Summer also gives us the time and space to “train up a child in the ways they should go” (Proverbs 22:6).  Obviously this is a “yes” in regards to discipleship in the faith but I think this is also a yes in very practical areas.  Train them up!  For us that will mean training in important tasks that will make them capable adults one day and contributing family members right now.  There will be training in how to make a bed (well, correctly), how to dust blinds and clean baseboards, how to set the table, how to pull the weeds in the garden, how to blow the leaves off the porches, how to clean the chicken coop, how to clean the pool…. It’s training time y’all!  My oldest knows how and when to pick the okra from the garden, how to cut it, coat it and fry it up.  Talk about some productive training!!!


Could I do all of these things faster, more effectively, with less mess?  Of course, but in this summer space I want to say yes to some training.  One day it will pay off!

We love the idea of throwing the kids outside and locking the door…don’t we?  A little throw back to 1983?   A little, “back when I was a kid…”  Listen, I am the anti-helicopter mom.  What is that called?  A “free-range” mom!  Yes!  Chickens and kids free-ranging around here.  But with the “No’s” we have to provide some “yes’s.”  Remember my guy Richard Louv and “Last Child in the Woods?”  It’s not 1983 and our culture has criminalized free play in nature.  Our kids may literally not know how to do it.  As we lock the door and tell them to play outside, make sure you have provided some yes’s.  It may be as simple as sidewalk chalk and feeding the ducks at the pond, if your kids are little.  If they are older, it may be a little more involved like a roadtrip or a telescope or camera.  We can all plant a tomato plant in a pot and watch the wonder of it grow.  We can all take a walk and turn off the TV.  My kids love the butterfly kit where you can watch the whole life-cycle of a caterpillar (and by kids I mean ME)!  It never gets old.  I think we are getting bees this summer to help pollinate the garden. Our favorite form of entertainment right now is watching the mocking birds dive-bomb the dogs when they walk beneath their nests.  Seriously, nothing on Netflix can beat it!  Everyone can look at the stars at night.  You just have to have eyes to see.  Everyone can go to a nursery and plant some flowers and smell the roses.  Let’s not let “nature-deficit disorder” happen on our watch Moms.  It may take some stretching.  It may take some thought.  It may take a few yes’s but it will be worth it.  Our kids are worth it.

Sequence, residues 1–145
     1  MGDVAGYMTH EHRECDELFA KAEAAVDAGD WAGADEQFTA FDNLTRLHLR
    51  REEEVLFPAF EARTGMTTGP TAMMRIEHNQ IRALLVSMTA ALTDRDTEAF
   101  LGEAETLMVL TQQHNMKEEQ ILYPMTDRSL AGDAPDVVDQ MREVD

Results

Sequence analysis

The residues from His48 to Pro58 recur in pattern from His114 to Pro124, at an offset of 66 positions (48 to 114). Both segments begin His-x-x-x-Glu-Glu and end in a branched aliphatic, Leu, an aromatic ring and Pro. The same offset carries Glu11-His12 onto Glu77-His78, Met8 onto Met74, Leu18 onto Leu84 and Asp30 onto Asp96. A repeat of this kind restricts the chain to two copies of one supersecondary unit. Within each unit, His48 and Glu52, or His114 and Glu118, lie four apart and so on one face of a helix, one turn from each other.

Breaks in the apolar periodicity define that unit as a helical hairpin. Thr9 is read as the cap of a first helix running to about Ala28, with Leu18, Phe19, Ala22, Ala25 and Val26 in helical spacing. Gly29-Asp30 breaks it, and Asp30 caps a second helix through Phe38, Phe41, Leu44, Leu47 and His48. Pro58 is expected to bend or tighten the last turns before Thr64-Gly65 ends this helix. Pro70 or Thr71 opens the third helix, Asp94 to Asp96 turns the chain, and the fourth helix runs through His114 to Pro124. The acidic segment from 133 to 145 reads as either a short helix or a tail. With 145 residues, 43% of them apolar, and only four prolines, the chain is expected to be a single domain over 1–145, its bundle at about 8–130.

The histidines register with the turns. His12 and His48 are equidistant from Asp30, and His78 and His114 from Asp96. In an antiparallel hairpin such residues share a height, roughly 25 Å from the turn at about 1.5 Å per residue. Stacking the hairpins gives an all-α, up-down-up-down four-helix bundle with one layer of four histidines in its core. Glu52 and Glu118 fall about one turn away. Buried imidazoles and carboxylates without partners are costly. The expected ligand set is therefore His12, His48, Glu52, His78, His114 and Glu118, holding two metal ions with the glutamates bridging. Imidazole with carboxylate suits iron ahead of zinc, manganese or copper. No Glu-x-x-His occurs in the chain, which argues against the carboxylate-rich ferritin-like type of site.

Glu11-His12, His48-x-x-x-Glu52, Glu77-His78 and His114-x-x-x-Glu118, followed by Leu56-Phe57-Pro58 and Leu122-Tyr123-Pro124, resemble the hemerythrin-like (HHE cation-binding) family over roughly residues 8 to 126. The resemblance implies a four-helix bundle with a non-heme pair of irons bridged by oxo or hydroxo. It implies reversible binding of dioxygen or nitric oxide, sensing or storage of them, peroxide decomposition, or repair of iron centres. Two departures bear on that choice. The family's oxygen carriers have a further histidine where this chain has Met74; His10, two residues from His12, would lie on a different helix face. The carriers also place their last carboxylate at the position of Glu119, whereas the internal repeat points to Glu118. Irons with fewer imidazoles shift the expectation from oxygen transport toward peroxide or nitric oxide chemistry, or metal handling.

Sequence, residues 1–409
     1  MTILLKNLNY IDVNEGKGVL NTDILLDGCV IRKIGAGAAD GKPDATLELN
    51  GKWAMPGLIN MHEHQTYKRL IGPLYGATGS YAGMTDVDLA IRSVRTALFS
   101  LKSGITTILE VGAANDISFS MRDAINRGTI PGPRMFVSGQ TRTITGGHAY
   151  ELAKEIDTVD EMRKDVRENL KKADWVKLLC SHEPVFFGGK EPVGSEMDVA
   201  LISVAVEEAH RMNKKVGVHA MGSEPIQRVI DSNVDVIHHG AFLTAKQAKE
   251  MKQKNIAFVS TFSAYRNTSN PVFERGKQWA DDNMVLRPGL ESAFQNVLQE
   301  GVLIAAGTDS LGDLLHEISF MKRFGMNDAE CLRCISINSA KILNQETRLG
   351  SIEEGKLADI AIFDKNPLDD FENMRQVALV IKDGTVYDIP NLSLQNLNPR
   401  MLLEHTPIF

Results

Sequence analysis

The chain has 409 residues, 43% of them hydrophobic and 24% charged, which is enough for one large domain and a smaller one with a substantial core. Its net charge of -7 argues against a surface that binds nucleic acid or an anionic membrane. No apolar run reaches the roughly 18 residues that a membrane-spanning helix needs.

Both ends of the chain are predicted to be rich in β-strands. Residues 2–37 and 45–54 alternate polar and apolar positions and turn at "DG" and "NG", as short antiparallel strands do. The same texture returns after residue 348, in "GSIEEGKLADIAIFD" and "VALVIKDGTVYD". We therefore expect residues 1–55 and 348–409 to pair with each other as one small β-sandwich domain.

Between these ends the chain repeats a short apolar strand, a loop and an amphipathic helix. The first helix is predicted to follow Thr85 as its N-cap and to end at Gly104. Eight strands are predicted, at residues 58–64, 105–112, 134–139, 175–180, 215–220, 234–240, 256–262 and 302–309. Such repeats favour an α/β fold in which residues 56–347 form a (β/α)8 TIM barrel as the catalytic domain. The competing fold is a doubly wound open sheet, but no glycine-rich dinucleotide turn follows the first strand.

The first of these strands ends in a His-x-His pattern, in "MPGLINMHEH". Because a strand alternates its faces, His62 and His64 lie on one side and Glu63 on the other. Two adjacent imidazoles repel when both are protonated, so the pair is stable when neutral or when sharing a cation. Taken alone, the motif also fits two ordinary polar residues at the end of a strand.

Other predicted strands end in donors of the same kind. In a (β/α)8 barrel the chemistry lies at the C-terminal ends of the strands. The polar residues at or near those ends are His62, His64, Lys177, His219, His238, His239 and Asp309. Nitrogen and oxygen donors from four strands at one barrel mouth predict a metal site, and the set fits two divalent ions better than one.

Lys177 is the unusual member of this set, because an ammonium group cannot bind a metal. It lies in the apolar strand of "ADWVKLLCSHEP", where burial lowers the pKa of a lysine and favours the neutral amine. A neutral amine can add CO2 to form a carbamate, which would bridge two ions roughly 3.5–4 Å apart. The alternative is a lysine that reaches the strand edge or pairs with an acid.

Summer of Saying Yes Printable

So, will you join our little revolution of #summerofsayingyes?  Can we shift gears this summer and begin to honestly evaluate our “n0’s?”  Can a yes introduce your kids to creativity, beauty, ingenuity, and fresh air?  Can we simply turn off the pull of the virtual and put a stake in the wonder of real?  Can we de-criminalize nature and be a vessel of God’s creation to this generation?   Can we train up some sous-chefs, some gardeners, some laundry sorters, some helpers in the space and time summer affords us?   Please don’t go all “cruise-director” on me here… Just look for the yes.  Look for it outside.  Lay down the lazy “no’s” and pick up the mantra of “honoring their childhood.”  If you’re in, let me know!  Post some pictures of your yes’s and use #summerofsayingyes.  I’m for you!  I’m for your kids!  I’m for their childhoods!  I’m for your summerI’m for the yes!  I bet you are too… Let’s do it!